How Treasury Got Its Bailout Money Back, In Charts

The Treasury Department has been trying to tell the public for years that its bank bailout program has been more financially successful than you think. Here are some charts showing they might be right.

Passed in October 2008, the Troubled Asset Relief Program authorized the government to spend up to $700 billion bailing out and holding up the financial system. Of the total authorized funds, $245 billion was spent on aid to banks, mostly in the form of buying direct investment stakes; $80 billion on aid to car companies; $68 billion on aid to prop up the insurance giant American International Group (AIG); and $8 billion on housing aid programs.

The Treasury Department, which regularly sends out updates on the program touting its financial returns, has been struggling to get the message across that much of the TARP money has been recovered, some $417.2 billion of the $420 billion spent, according to their calculations. And they may have finally figured out the way to do it: charts!

This chart, which is also available in an interactive form on the Treasury’s website, shows the steady return on TARP money, down to just under $30 billion outstanding today.

This chart shows the financial success of the most controversial TARP program, the $245 billion worth of aid to banks, mostly in the form of direct purchases of stakes in banks, along with warrants which allowed the Treasury to get a bigger return when banks eventually paid back the money. So even though there some stragglers, mainly smaller banks, the Treasury has gotten more than it put in the entire bank program. Some $65 billion went to just two banks, Bank of America and Citigroup, and the Treasury has gotten back just over $77 billion.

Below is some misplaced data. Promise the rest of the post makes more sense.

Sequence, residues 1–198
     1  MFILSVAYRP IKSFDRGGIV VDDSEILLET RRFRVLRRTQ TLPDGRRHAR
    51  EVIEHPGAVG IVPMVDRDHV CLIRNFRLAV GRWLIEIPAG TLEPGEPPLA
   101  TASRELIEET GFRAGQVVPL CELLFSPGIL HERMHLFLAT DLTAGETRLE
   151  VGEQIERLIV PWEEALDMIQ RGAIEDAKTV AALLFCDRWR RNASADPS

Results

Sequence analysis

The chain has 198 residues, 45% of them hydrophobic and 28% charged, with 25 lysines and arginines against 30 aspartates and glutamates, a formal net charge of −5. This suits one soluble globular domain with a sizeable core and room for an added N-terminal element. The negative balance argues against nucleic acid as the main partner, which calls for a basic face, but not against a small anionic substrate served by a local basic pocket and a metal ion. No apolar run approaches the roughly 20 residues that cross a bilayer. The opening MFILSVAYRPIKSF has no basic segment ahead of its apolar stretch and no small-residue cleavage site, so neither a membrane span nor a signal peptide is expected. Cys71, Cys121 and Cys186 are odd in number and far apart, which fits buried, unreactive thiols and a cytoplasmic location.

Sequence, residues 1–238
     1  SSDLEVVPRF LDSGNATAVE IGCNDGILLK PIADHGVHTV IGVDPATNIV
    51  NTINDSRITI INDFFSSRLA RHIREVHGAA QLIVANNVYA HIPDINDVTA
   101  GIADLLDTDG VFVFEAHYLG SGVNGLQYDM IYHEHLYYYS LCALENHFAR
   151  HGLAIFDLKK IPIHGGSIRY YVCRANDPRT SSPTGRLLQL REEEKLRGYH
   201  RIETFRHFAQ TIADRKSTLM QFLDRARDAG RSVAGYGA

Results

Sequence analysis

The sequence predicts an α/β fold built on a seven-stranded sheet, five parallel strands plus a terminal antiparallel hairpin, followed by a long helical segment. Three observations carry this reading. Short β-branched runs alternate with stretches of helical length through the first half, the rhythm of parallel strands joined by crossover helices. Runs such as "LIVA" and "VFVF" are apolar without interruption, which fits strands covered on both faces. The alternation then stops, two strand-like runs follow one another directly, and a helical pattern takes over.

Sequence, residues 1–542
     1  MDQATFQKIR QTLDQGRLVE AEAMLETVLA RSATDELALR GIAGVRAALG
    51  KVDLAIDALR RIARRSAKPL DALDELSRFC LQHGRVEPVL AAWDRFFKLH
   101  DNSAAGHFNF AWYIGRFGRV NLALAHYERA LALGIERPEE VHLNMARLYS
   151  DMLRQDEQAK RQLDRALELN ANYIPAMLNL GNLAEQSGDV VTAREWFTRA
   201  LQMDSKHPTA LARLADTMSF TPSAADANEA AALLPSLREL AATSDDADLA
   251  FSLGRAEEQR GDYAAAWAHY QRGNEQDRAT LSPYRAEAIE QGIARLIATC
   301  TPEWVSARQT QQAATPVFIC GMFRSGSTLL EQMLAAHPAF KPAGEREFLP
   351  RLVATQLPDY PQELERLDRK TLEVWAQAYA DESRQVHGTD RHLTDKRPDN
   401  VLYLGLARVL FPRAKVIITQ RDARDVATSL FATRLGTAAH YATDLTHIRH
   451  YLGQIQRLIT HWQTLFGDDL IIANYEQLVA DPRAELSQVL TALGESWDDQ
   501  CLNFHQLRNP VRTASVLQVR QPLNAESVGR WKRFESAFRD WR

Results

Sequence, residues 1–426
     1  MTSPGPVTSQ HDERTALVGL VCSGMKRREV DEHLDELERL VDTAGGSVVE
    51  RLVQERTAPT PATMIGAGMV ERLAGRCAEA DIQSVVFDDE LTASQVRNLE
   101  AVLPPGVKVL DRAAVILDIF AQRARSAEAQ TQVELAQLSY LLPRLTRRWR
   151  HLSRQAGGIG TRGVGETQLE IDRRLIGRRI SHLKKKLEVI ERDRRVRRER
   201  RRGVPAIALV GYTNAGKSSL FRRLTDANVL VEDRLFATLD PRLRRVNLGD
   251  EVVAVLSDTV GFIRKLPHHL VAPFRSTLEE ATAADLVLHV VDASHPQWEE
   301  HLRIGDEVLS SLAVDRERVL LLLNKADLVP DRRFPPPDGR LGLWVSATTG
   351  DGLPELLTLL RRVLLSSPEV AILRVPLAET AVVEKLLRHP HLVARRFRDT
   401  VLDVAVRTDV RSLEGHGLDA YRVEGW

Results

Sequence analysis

The calculation over the federal government’s return on its large amount of aid to AIG is still an ongoing debate.The Treasury sold the last of its AIG shares in December of last year. All told, the Federal Reserve and the Treasury committed $182 billion to rescuing AIG after it was on the brink of collapse following a credit crunch due to bad bets on derivatives linked to mortgages. The $67.8 billion AIG got from TARP made it the program’s largest recipient, with 16% of the program’s $245 billion worth of spending. The $72.9 billion the Treasury cites as its total cashback includes over $54 billion in return on the stock Treasury initially purchased through TARP and $17.6 billion in AIG shares that were transferred from the New York Federal Reserve Bank to the Treasury and sold by the Treasury along with its original TARP stake. The $17.6 billion is what puts the Treasury’s AIG investment into the black and is still hotly disputed by critics of the program.

The Treasury’s aid to car companies, including $51 billion to General Motors, is one of the bigger holes on TARP’s balance sheet. The Treasury’s gotten back $33 billion from GM, $11 billion of its $12 billion to Chrysler, and $6 billion of its $16 billion to Ally Bank, formely GMAC, the banking branch of General Motors. At its peak, the Treasury Department had a 60% stake in GM. Earlier this month, the Treasury announced that it would be selling another 30 million shares of GM stock. All told, Treasury has gotten back $50 billion of its $80 billion worth of aid.

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